A federal appeals court rejected the ban on bump stocks on Friday, dealing a devastating setback to gun control activists. These are additions made to firearms that allow semi-automatic weapons to fire more quickly.
The feature makes it possible for the gun’s own stock to travel backwards and forwards, which allows it to fire more quickly by utilizing the natural recoil of the weapon.
The US Court of Appeals for the Fifth Circuit determined that the regulation made under former President Donald Trump’s administration exceeded agency authority in a ruling with a vote of 13-3.
The judges stated that Congress, not the executive branch, should have the power to take action on gun regulation. The bulk of those who supported the majority were chosen by Republican presidents, while those who opposed them were chosen by Democrats.
After a shooter killed 58 people at an outdoor concert in Las Vegas in October 2017 using bump stocks, the Bureau of Alcohol, Tobacco, and Firearms (ATF) passed the regulation.
Over 1,000 shots were fired in just over 10 minutes by the assailant using guns with bump stocks while firing from a high-rise hotel window. He opened fire on a gated gathering of 22,000 spectators.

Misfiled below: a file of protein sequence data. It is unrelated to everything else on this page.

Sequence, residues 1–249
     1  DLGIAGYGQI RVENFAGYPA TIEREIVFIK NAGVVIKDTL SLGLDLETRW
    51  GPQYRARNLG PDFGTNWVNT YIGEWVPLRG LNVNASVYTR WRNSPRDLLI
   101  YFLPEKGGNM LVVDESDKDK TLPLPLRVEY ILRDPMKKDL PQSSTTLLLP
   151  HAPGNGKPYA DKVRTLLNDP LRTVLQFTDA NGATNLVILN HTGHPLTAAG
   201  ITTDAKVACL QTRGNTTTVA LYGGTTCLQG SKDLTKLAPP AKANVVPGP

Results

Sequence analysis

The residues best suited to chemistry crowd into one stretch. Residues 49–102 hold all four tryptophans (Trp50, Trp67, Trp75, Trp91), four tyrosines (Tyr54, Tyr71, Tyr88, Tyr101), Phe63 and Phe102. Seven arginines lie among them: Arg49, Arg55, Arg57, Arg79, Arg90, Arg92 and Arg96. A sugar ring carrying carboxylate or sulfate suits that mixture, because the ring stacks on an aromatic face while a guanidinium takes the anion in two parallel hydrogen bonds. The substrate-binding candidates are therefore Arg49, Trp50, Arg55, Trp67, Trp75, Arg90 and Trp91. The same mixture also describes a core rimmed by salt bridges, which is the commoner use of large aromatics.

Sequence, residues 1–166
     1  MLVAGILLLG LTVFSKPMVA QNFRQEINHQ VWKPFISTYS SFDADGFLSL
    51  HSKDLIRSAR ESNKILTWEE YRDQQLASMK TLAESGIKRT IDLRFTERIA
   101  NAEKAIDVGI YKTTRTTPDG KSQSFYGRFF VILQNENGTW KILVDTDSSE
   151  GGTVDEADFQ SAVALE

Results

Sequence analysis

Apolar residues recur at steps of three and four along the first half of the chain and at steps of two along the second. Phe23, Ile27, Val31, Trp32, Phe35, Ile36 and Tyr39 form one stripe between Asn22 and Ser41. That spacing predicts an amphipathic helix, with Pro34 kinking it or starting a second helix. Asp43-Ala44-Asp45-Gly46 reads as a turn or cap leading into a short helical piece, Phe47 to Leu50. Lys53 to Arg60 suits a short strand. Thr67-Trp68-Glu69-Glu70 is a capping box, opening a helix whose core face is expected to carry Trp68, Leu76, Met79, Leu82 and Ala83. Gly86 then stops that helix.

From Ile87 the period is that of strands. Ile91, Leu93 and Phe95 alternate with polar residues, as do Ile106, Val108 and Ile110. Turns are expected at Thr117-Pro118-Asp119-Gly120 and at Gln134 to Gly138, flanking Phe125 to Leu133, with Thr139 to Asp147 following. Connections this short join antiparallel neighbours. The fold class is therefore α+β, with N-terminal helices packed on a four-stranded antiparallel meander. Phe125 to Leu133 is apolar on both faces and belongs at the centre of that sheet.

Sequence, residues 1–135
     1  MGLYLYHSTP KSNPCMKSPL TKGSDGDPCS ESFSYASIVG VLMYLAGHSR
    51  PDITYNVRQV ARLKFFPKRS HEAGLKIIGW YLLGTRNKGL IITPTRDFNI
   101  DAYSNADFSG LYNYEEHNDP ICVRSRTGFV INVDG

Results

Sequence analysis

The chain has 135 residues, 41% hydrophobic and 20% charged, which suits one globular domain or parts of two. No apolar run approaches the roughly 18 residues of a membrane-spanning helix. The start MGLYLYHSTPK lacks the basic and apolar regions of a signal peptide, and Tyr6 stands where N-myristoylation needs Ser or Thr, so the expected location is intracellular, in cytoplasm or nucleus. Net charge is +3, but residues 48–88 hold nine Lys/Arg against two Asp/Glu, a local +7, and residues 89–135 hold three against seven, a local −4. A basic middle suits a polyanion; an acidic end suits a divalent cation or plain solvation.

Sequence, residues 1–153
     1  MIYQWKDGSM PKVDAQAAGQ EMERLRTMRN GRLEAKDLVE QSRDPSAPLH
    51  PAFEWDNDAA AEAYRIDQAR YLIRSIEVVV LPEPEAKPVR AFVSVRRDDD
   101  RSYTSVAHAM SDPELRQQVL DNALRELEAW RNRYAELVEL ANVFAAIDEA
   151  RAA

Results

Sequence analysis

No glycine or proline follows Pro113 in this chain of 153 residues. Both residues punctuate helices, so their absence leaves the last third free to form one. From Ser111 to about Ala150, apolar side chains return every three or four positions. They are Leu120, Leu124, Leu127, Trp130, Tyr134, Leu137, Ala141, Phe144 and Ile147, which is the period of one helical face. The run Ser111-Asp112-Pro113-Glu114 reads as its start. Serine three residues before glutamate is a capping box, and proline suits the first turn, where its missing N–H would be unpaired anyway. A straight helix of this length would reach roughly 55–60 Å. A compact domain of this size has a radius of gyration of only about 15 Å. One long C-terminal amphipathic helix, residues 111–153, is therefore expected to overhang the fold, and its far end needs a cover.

Following the tragic shooting, the appeals court ruled that ATF employees acted under strong public pressure. Judges found that the agency circumvented the legislative process even though it was not given permission to do so by Congress.
In 2018, the ATF broadened the federal government’s prohibition on machine weapons to cover bump stocks. It made use of definitions from the Gun Control Act of 1968 and the National Firearms Act of 1934.
The appeals court, however, disagreed. US Circuit Judge Jennifer Walker Elrod, writing for the majority, said the legislation did not provide fair warning that possession of a non-mechanical bump stock is a violation.
She said that the bump stock is exempt from past technical definitions of a machine gun by a basic reading of the legislative wording and an understanding of how a semiautomatic weapon functions.
The Biden White House concurred with the ban. In December 2021, a three-judge 5th Circuit panel upheld it. Michael Cargill, a Texas resident who launched a lawsuit to challenge the regulation, lost in court.